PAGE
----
Nick Darke Award 2013 shortlisted writers announced

Wednesday 4 September 2013
Nick Darke Award 2013

The Nick Darke Award would like to announce that after the first two judging stages, the eight shortlisted finalists of the 2013 award have been chosen from over 300 applications to win £6,000.

The Nick Darke Award 2013 shortlisted finalists are:

Sarah Palferman - ‘Blackbirds Song’ (radio play)

Jay Taylor - ‘Lawless Are They’ (stage play)

Nicholas Horwood - ‘Llandfill’ (screen play)

Hannah Rodger - ‘The Spill’ (radio play)

Amanda Lane - ‘On The Edge’ (radio play)

Helen East - ‘Exit’ (screen play)

Lucy Gough - ‘Edgeland’ (screen play)

Carla Grauls - ‘Made for Him’ (stage play)

These finalists will be invited to the prestigious awards ceremony, which will be held at Falmouth University at the end of the year, where the overall winner will be announced and awarded a prize of £6,000 to develop their script to a first draft.

The Nick Darke Award commemorates Cornish writer Nick Darke who contributed greatly to Cornwall’s writing community as a writer for stage, screen and radio.

The award started in 2006 and was conceived by Nick’s wife, the artist and filmmaker Jane Darke, and has been presented each year since to contribute financially to the life of a writer. The award has increased to £6,000 and is funded by Falmouth University. This prize is designed to offer a writer the opportunity to focus on their work without financial stress, which is something that most writers struggle with during their careers.

The scripts, having been judged by a panel of readers, will now be passed to a panel of judges internationally recognised for their achievements in writing for film, television, radio and theatre.


About The Judges:

Jeremy Howe, Drama Commissioning Editor for Radio 4, UK

Molly Dineen, BAFTA and Royal Television Society award-winning UK television documentary director, cinematographer and producer

Roger Michell, theatre, television and film director whose work includes the films Notting Hill, Changing Lanes and Morning Glory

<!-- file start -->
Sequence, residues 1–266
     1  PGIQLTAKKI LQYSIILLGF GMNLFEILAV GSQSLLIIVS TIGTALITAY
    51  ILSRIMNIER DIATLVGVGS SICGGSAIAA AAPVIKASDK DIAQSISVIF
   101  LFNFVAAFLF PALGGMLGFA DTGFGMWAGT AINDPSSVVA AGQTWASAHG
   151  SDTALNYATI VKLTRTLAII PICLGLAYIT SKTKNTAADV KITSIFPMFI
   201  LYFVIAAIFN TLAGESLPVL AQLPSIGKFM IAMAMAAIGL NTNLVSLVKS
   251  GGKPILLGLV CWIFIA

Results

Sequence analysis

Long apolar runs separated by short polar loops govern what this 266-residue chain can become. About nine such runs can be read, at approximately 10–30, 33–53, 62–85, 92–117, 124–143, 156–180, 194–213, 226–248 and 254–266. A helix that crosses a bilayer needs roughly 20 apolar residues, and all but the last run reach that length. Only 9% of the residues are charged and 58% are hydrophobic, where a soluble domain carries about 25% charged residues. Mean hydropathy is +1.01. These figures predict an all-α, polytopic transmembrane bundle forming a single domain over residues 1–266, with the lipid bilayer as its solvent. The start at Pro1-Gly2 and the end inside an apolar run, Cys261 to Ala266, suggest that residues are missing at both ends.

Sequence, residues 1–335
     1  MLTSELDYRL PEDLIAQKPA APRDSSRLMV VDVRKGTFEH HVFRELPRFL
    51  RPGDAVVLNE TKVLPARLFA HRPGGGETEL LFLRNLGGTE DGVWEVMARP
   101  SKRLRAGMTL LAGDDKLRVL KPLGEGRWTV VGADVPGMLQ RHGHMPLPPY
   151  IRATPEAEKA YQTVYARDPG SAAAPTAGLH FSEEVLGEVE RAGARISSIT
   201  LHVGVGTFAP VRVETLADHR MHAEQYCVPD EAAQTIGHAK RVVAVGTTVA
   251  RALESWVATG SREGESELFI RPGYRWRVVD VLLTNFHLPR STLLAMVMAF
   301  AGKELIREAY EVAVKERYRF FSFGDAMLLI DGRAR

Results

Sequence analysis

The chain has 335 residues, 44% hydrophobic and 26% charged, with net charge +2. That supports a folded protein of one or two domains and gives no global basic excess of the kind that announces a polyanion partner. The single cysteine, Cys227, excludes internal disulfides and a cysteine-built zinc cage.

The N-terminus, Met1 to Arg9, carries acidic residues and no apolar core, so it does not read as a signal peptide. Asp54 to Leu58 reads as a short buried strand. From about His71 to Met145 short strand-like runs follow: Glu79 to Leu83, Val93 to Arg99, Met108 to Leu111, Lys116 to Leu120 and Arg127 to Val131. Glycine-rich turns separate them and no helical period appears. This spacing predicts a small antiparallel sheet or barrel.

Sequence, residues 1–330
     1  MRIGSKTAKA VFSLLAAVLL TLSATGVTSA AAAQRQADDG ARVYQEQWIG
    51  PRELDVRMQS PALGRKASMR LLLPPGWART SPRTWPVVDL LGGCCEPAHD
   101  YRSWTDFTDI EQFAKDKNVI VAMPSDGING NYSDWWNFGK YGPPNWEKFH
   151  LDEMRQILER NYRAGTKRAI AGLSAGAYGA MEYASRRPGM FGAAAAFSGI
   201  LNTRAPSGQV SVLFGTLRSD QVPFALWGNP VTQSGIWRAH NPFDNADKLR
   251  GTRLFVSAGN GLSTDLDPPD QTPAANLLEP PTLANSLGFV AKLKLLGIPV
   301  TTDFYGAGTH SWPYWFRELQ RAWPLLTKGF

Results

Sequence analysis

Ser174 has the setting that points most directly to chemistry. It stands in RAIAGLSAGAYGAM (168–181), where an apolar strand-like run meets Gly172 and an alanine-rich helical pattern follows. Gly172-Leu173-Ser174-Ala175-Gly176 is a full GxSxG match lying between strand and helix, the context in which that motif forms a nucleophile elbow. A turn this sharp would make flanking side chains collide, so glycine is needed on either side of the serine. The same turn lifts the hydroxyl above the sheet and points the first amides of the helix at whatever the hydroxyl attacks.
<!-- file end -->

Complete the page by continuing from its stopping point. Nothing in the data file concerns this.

Sebastian Born, Associate Director (Literary), National Theatre London, UK

Joe Penhall, award-winning playwright and screenwriter, best known for his play Blue/Orange and his big screen adaptations of novels such as The Road and Enduring Love

Peter Thompson, Emeritus Professor of Drama at the University of Exeter and General Editor of the three-volume Cambridge History of British Theatre

Carl Grose, the first winner of the Nick Darke Award, is as well as being a writer, also a director and an actor. Apart from the acclaimed theatre company Kneehigh, Carl has also written for organisations such as Told By An Idiot, The National Theatre, Soho Theatre and BBC TV and Radio.


About Nick Darke

Born and educated in the county of Cornwall, England the playwright Nick Darke left Cornwall to study acting at Rose Bruford College, Kent before learning his craft at The Victoria Theatre, Stoke on Trent. Here Nick performed in over 80 plays and in 1978 wrote his first play, Never Say Rabbit in a Boat. Its success led him to give up acting and in the following year he won the George Devine Award.

His work attracted further commissions and everything he wrote for the theatre was produced. This included twenty-four plays that were staged at The National Theatre, London; The Royal Shakespeare Company, Stratford-upon-Avon; The Bush, London; by Kneehigh Theatre and at The Royal Court, London.

He wrote several radio plays and made documentaries for radio and also successfully wrote for television and film.

He moved back to Cornwall in 1990 and enjoyed the life of his childhood, fishing and wrecking (beachcombing). In 2001 he had a stroke which affected his speech and reading and writing. He and his wife Jane made the film, The Wrecking Season about the contacts he made tracing fishing gear back to the east coast of America. (Broadcast by BBC Four in 2005 and 2010)

 Nick died of cancer in 2005, aged 56 with his funeral held on the beach. He and Jane filmed the last few months of his life. She made the film The Art of Catching Lobsters (BBC Four 2007) about their life together and grief. They have two sons; Jim is a marine scientist, Henry a filmmaker and writer.